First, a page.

Readers’ voices: Survival lessons from a crabapple tree 

  • Miliann Kang’s crabapple tree. SUBMITTED PHOTO

  • Blooms from the author’s crabapple tree. SUBMITTED PHOTO

  • Miliann Kang’s backyard in Northampton. SUBMITTED PHOTO

For the Gazette
Published: 4/29/2020 1:15:01 PM

The old crabapple tree in the backyard was on its last leg and would need to be cut down. Or so we were told when we moved in. That was 17 years ago. That first spring, and every spring since, it has burst into bloom around this time of Easter, Passover, Ramadan, May Day, Cinco de Mayo and all the other celebrations of spring. A riot of pink and white blossoms that look like cotton candy before they flutter to the ground like confetti. 

In June, when we moved into our house in Northampton, the tree’s branches hung almost to the ground, spotted with sickly-looking yellowish green leaves. Our neighbor shared with us that a few years before, it had been struck by lightning, which sheared off half of it. Fearful that it would fall over, several people advised the elderly woman who lived in our house before us that it should come down. But she, like us, must have felt a kinship with it and left it to its own devices.  

A friend who is a tree doctor, of sorts, told us that after being struck some trees develop a kind of black tar, sealing off the exposed wood to prevent rot and dissuade birds or bugs from burrowing. Apparently, this is what our tree did. It formed scar tissue around its wound and held its remaining half upright. It knew it had something to offer the world and went back to the business of pumping out its tender petals like a diva who refuses to be put in a corner, let alone out to pasture.

The blooms usually last but a few days, sometimes a week, maybe two if we’re really lucky. They seem to appear overnight, in an instant. When our daughter was young, she would wake us up with cries of “the apple tree came back to life!” Later in her teen years, she would announce with a bit of snark, “It’s alive, it’s alive!” Indeed, that is what appeared to be happening each year: a resurrection.

Spring 2020, when so much is uncertain and frightening, this grand dame’s blooms are particularly beautiful and boisterous. I nearly cried the morning I woke up and saw the sun filtering through its spindly branches in rays of pink. Yes, it seemed to announce, even in the time of coronavirus, spring will come.

The old saying that March comes in like a lion and leaves like a lamb seems to have been flipped this year. March came in still somewhat lamblike, even if simply due to ignorance and denial of what was to come. It ramped up into a roar during April’s showers and will most likely continue well beyond May’s flowers.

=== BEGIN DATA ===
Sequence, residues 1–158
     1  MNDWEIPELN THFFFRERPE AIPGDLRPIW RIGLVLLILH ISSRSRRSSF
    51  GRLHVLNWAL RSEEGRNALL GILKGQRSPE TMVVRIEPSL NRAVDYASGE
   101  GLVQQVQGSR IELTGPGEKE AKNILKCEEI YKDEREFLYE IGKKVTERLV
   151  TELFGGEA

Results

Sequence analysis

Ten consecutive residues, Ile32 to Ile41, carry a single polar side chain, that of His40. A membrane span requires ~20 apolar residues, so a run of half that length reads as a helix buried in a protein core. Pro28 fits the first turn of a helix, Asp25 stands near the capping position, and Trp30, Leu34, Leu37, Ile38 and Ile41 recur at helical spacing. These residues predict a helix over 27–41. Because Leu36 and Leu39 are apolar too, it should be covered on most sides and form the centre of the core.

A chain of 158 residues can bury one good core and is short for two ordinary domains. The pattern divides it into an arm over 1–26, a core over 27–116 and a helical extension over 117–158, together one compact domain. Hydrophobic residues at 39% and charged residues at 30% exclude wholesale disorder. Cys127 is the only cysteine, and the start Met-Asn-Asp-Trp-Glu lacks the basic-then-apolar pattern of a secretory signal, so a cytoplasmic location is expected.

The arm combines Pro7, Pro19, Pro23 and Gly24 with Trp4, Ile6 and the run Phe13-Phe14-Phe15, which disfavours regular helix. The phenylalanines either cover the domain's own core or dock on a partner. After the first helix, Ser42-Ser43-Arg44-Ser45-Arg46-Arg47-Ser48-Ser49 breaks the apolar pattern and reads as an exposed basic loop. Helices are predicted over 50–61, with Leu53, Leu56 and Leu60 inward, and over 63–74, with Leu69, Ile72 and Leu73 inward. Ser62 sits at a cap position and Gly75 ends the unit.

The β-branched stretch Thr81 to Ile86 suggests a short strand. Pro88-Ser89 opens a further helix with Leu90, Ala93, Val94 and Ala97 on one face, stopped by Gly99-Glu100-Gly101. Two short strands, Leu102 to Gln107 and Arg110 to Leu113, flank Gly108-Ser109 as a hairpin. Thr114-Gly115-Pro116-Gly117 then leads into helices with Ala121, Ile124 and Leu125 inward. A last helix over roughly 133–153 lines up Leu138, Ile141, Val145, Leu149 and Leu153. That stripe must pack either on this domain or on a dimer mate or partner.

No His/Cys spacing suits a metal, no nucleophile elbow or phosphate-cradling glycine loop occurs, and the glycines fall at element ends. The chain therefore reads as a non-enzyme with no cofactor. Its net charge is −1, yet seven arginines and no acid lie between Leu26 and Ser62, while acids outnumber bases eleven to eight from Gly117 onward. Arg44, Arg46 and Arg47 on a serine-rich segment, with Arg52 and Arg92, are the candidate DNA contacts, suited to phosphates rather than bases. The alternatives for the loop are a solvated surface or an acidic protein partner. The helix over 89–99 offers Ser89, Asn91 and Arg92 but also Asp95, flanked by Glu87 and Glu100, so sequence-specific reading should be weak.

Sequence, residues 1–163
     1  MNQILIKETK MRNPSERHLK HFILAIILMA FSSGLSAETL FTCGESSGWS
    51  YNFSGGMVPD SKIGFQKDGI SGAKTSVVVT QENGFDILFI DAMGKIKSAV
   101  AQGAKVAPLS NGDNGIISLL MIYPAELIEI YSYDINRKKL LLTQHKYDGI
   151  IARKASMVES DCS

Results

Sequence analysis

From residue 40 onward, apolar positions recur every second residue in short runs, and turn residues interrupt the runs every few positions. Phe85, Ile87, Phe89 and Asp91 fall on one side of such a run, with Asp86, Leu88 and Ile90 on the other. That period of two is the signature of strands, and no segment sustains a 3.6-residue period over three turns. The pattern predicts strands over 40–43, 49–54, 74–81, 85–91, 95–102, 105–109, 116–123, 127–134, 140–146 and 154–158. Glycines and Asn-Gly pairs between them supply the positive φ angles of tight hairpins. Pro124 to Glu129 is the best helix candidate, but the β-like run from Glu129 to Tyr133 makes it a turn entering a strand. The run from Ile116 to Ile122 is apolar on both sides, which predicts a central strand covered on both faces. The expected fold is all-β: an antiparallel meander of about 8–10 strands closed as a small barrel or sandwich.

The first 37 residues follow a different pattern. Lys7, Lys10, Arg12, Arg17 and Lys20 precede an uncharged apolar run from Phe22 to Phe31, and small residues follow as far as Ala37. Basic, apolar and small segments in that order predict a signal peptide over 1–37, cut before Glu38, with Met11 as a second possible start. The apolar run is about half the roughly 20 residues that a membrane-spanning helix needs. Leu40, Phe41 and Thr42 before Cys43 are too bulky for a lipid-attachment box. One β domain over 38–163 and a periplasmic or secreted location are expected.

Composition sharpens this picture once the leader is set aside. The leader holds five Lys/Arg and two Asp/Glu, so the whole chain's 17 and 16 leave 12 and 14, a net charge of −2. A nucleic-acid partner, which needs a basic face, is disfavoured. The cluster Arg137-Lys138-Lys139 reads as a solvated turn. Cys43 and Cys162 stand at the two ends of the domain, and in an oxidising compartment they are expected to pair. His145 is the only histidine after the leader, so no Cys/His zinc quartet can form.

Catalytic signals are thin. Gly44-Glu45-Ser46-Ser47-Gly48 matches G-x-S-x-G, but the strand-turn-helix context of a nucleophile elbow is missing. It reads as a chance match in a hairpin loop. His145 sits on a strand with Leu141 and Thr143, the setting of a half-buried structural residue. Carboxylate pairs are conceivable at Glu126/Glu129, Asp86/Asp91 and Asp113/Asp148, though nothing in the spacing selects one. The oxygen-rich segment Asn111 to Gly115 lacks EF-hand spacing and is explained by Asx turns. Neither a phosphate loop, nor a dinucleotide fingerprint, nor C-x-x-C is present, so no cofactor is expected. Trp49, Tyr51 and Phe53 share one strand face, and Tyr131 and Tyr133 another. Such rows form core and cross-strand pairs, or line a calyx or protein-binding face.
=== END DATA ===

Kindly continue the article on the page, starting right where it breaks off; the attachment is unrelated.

This year, the day after it bloomed, it snowed. For this is Massachusetts, where April showers can instantaneously morph into April flurries. I worried that the tree’s delicate flowers would be destroyed. Usually, I cut off a small branch or two for the kitchen table, wanting to appreciate the blooms indoors but not harm the tree. But as I watched the snow accumulating and envisioned the frozen petals all scattering to the ground, I grabbed a pair of kitchen scissors and went outside. I filled up a large vase with blooms, which I then distributed into four or five smaller vases. These are now perched around the house, not just on the kitchen table but next to our beds and on various windowsills. The snow melted almost immediately, and the flowers remained on the tree. But I realized the tree was a lot heartier, and had much more to give, than I had given her credit for.  

There is clearly a life force in this tree that is determined to stay, as long and as strong as it can. But it, too, could easily succumb in an instant. Another lightning bolt or blight or mite could easily topple it.

I think of all those whose blooms have been abruptly cut short by the coronavirus or are hanging on but feel cut off, destabilized, uprooted. I know this is an especially difficult time for young people, and old people, and in fact, anyone and everyone in between. Like the crabapple tree, I hope we can dig deep to find fertile and nurturing soil, to survive this bolt out of the blue and keep stretching our branches to the sky.

Miliann Kang is associate professor of Women, Gender, Sexuality Studies and director of diversity advancement for the College of Humanities and Fine Arts at the University of Massachusetts Amherst.


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